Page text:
Osaka homeless evictions meet resistance

A tent village in Utsubo park, Osaka was evicted this month to make way for an international rose festival.

The following report is from libcom.org forum posters who participated in defending against the eviction:

We are some disobedients who participated in the defense of the autonomous community at Utsubo park.

Utsubo was attacked by over 600 administration officials, guardsmen, police officers and riot squad in order to clear the park for the city’s upcoming ‘International Rose Festival’. The eviction of Utsubo comes in the context of a wider attack on the most exploited in the Kansai region, with the aim of their institutionalization and control. If the city achieves its aims and determines the eviction to be within a margin of acceptable loss, the communities that have cropped up on streets and parks all around Japan will come under even harsher attack.

This is the perspective under which the park was defended (involving over 150 people from all over the region, country and including some internationals). We came to the park with the following points of unity:

1. The small communities created on roadsides and parks across the country, especially West Japan, represent less a defense against the worst conditions of industrial capitalism like dispossession, poverty and other social ills, addressable by NGOs, Christians and other pity rackets, but are more accurately an attack on this same poverty, a dash for a better life, a life surely closed to the poorest of workers and non-workers if they do not attack and seize it for themselves.

2. Blue tents are by no means vision of a better future; they represent a meager communist process, against isolation and the new estrangement, impressive but still inadequate given the advanced state of their inhabitants’ dispossession. The communities characterize themselves by improvised, bric-a-brac living, by common defense against assault by the police and/or rampaging teens, by camaraderie, sake, relaxation, games and fun. It is no wonder that the squatting poor all over the city organize amongst themselves and easily become close; they are some of the last in a society devoured by the work imperative to question its assumptions. Even the so-called ‘prosperous workers’ have no room for gardens in their concrete boxes!

3. The above forms the basis for our participation in the defense of the parks. We think these perspectives should be generalized along the spectrum of all the exploited, all those who are forced into lives of endless work, spurred by the continual, violent dispossessions of capitalism, which leave few alternatives besides work or die. We say:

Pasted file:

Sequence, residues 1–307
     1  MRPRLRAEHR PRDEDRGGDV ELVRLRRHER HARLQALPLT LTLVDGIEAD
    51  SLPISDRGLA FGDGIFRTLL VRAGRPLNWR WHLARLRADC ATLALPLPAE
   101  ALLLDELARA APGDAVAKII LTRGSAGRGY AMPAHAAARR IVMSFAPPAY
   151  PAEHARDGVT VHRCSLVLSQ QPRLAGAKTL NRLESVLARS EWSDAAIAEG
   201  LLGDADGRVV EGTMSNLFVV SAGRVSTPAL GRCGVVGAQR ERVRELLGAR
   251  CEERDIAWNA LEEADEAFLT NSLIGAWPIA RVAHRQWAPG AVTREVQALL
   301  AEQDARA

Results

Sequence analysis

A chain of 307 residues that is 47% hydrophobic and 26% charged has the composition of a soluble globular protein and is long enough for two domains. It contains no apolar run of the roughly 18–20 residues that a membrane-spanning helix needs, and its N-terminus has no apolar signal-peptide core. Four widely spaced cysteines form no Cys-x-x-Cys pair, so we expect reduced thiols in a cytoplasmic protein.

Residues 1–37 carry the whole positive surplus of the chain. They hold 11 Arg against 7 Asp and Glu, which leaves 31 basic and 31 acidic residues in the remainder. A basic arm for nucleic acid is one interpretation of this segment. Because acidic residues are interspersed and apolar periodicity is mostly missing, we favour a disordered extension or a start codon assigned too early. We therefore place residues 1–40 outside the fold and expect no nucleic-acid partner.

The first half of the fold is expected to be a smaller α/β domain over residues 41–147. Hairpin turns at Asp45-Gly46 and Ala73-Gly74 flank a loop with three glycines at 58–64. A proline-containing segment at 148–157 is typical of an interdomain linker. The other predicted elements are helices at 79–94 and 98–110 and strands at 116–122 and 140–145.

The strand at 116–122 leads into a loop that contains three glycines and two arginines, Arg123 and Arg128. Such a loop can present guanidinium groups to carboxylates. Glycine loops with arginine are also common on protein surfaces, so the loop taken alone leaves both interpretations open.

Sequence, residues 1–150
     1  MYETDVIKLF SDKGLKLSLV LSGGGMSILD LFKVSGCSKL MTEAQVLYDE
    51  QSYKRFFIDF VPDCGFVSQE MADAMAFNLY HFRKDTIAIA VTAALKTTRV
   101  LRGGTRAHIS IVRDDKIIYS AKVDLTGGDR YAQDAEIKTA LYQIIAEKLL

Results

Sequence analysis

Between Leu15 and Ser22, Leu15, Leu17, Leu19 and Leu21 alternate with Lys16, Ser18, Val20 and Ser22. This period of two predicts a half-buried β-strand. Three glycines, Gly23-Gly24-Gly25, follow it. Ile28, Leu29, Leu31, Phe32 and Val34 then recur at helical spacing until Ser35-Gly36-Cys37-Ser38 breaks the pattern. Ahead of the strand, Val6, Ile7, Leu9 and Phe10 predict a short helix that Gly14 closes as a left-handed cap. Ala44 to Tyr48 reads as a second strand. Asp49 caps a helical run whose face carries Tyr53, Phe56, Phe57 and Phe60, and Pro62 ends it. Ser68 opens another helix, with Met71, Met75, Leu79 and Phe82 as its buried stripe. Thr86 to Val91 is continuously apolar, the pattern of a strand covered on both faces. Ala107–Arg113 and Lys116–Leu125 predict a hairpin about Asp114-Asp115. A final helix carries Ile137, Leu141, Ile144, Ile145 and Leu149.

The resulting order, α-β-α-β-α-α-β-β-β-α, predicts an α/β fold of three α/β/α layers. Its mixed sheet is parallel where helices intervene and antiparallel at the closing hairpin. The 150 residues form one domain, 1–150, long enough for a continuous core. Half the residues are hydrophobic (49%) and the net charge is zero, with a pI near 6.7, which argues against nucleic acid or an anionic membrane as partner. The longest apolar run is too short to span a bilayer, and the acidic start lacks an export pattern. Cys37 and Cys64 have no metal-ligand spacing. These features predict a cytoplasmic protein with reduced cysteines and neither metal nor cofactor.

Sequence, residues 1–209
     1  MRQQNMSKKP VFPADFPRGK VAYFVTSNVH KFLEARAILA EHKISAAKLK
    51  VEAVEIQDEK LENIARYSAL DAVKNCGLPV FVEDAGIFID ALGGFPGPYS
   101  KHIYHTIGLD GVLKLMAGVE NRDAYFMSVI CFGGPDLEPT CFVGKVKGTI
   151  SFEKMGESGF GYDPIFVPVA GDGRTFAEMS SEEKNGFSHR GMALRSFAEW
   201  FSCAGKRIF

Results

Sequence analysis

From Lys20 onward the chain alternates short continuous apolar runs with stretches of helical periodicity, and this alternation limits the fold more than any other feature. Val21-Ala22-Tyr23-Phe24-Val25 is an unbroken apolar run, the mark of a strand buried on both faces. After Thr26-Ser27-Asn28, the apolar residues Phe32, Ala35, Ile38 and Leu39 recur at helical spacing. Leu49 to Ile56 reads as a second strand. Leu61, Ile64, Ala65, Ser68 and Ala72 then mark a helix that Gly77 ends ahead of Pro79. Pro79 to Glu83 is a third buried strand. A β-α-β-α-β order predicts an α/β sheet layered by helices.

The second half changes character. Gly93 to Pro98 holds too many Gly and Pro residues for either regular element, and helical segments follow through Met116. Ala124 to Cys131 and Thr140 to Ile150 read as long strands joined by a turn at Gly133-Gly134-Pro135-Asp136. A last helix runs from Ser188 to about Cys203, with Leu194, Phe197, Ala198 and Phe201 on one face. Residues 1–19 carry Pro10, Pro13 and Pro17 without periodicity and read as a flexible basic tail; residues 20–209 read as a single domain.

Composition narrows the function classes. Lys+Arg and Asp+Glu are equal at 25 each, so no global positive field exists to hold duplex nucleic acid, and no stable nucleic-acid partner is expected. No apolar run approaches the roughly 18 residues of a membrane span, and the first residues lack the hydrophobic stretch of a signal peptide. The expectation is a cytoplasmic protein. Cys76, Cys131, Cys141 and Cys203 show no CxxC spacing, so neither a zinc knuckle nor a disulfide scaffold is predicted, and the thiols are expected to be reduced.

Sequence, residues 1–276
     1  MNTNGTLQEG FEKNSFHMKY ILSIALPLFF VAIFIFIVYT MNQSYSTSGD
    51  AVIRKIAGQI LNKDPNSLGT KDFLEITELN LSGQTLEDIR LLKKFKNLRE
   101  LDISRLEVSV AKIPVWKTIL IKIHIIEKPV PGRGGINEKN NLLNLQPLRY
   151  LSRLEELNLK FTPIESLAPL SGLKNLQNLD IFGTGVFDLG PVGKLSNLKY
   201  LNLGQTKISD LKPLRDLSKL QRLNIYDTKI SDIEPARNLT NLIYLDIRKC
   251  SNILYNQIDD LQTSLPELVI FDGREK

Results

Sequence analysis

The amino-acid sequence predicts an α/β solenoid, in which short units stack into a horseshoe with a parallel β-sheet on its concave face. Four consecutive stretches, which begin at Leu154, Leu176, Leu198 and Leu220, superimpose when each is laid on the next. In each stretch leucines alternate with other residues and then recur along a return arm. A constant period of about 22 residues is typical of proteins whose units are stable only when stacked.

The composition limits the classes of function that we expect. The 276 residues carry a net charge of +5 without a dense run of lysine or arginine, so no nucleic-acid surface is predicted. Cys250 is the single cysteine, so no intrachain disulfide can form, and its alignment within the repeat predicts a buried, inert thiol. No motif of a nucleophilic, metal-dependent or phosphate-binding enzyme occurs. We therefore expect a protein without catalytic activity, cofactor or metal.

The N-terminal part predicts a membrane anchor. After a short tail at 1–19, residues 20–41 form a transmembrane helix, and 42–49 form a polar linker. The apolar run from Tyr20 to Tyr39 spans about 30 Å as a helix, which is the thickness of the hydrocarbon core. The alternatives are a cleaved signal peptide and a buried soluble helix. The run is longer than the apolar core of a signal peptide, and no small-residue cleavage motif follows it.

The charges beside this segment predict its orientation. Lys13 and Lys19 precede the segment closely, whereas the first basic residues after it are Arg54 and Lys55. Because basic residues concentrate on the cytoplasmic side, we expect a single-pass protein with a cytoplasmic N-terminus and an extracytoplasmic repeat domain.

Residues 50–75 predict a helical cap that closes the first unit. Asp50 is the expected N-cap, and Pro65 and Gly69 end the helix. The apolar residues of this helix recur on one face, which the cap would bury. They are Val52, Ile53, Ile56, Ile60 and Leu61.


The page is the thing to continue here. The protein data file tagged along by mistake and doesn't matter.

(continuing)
Burn your rent contracts!

Occupy social space!

For a beautiful life!

4. It follows that we make no demands to the administration, only of ourselves.

The night before the eviction we gathered in the lightless park. Some raged at the coming dispossession and violence, smashing parts of the park, tearing down the barriers the city had set up to ‘enclose’ the park, to arrest everyone inside. Trash was strewn everywhere ‘the city is trash’. Every obstruction was set up around the park to impede the progress of the riot squads, the park’s sparse forest became a spider-web. Graffiti appeared from nowhere. As soon as the city’s barriers had been taken down they were ripped apart and re-assembled to become barricades against the coming incursions. When the city arrived at three a.m. to attempt to ‘seal’ the park, they were charged and driven back, surrounded and assaulted by a furious mob. The TV cameras made sure to broadcast footage of an anonymous comrade who beat the skull of a city official with a chain (thanks for showing us they can bleed comrade!).

The night went back and forth. A comrade, Y-san, was arrested during a riot squad incursion and charged with assault. We were with the park until the early morning. Tense stand-offs and confrontations lasted for seven hours as the sun broke over the horizon. People going to work, and neighbors, walked by the scene and were inquisitive. The limited numbers of defenders fought for the park until their arrest, gathering for a sit-in around the tents. People scattered red, pink and white paper roses over the ground and their laps. The rose festival was here, it was ours. As the twenty squatters who lived there were pulled to a separate location, there were few left to defend the tents. Silent and shamed public employees tore down the twenty remaining tents as they were denounced and jeered. The flags of unions who had arrived too late fluttered as the blue tents fell. Utsubo’s tiny village was now gone.

At the same time at three other locations around the city, the administration attacked. Bureaucrats charged Ogimachi park, Nishinari park and Osaka-jo Park. With Osaka-jo the city’s planned eviction of five men was known for at least a month and not a surprise. At Ogimachi and Nishinari, the city charged the nearly empty parks as most were heading to work or occupied resisting the city at Utsubo. At both parks a wide swath was fenced off and declared a ‘no-go’ area, bound for construction.

Upon hearing this news after our long night in the park, we understood that the city had declared war on refuges against the onslaught of dispossession, and we felt discouraged at the overwhelming scope of the timed assaults. This lasted a few days until we made it to the parks concerned and found that our comrades had already torn apart the new fences and thrown them in the trash! These comrades understand even clearer now that the city cannot be compromised with. We participate now not because the struggle is ours, it isn’t, but we see how it must become ours; how it cuts across all the divisions of the exploited and affirms the wealth that we find among each other.